PLAIN TWP.: A man walked into Akron Music in 1999, looked at the guitars the store offered and claimed he could sell them all in two weeks.

Brian Robinson, who worked for Akron Music at the time, scoffed. But it happened, Robinson said. Two weeks later, the guitars were sold thanks to an online sales service called eBay.

Robinson now owns Music Farm at 4900 Whipple Ave. NW and he uses eBay to generate sales around the world. The online e-commerce platform recognized Robinson and Music Farm as one of its top sellers and invited him to be part of its 13th annual United State of eBay seller advocacy day in Washington, D.C.

In May, Robinson was among 20 small-business representatives selected to participate in the advocacy day and meet and members of Congress and their staff to explain how they have succeed thanks to eBay and online sales.

The eBay advocates talked with elected officials and their staffers about how the Internet, technology and different platforms have changed how they operate. They also explained that lawmakers need to keep small businesses in mind when they consider policy initiatives. One concern, according to eBay officials, is a proposed internet sales tax that would place small online sales companies on the same level as billion-dollar retailers.

Robinson said working with eBay allows him to do what he loves, which is being part of the music business. He grew up in Canal Fulton and as a teenager started helping at his church operating the sound system. He then learned about recording and production in school, before going to work as a keyboard salesman for Akron Music.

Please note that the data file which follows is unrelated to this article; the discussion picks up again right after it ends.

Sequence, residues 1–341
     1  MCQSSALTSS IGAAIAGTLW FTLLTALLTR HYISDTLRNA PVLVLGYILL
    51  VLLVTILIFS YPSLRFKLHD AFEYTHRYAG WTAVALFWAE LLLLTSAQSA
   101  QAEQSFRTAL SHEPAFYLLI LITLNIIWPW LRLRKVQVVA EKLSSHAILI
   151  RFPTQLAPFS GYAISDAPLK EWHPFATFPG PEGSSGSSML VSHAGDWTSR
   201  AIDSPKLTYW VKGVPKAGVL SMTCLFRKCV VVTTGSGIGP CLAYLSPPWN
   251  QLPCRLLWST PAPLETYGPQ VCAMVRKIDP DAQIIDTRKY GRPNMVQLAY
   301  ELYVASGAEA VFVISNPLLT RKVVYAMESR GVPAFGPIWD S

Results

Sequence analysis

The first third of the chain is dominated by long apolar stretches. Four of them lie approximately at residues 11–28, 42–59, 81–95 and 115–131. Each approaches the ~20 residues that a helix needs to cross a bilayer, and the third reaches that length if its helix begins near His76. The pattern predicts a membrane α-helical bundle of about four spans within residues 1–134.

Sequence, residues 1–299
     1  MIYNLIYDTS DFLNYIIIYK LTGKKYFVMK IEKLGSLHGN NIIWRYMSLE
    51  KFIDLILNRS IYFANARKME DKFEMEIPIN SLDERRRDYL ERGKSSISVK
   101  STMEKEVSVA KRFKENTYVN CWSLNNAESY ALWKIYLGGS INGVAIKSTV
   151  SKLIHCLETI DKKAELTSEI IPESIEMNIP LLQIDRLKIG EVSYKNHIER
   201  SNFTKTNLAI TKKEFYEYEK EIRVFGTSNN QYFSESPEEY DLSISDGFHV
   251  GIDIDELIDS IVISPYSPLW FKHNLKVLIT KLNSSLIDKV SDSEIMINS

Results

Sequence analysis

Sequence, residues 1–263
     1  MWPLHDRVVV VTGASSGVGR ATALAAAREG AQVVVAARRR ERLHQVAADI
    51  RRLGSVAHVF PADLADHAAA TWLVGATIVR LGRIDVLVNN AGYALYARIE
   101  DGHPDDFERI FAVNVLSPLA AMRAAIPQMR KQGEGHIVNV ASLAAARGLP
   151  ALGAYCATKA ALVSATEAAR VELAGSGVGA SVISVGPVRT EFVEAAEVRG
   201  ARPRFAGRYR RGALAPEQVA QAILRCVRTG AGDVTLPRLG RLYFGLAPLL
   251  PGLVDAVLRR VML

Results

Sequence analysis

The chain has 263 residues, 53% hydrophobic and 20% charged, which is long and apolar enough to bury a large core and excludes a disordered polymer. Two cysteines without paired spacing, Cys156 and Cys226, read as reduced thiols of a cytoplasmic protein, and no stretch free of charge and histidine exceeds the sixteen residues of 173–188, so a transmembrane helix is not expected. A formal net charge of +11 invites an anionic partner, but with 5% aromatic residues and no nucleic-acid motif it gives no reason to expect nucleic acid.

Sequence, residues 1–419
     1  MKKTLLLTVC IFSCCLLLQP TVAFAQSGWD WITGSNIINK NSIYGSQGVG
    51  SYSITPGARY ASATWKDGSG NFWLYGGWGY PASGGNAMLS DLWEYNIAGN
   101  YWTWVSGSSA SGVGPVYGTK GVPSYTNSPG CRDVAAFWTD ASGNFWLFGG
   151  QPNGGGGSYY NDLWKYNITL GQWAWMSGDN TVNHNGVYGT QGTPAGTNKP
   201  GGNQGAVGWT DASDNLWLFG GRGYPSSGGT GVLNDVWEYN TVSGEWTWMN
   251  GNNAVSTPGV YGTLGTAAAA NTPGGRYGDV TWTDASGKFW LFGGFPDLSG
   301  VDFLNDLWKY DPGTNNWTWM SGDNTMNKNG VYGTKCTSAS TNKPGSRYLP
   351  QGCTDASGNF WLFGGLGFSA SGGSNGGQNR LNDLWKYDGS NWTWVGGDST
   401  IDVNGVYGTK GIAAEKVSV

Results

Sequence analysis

“They took a chance on me,” he said.

After more than 10 years at Akron Music, Robinson took a chance on himself and launched Music Farm from his home near Doylestown. He initially handled all sales online using eBay. He opened his first store in Orrville in 2007, with roughly 90 percent of his sales coming online.

As online sales fluctuated, Robinson decided to seek a higher profile location. He moved in 2012 to the Belden Village area. His in-store sales have grown but online sales still account for about 40 percent of his business.

Most of his online sales involve guitars. About 28 percent of his products are exported, with equipment being shipped to Australia, Canada, Israel and other countries.

While Robinson uses other online sales platforms, he believes eBay offers the best option for small businesses. “I appreciate how eBay is involved with small businesses,” he said.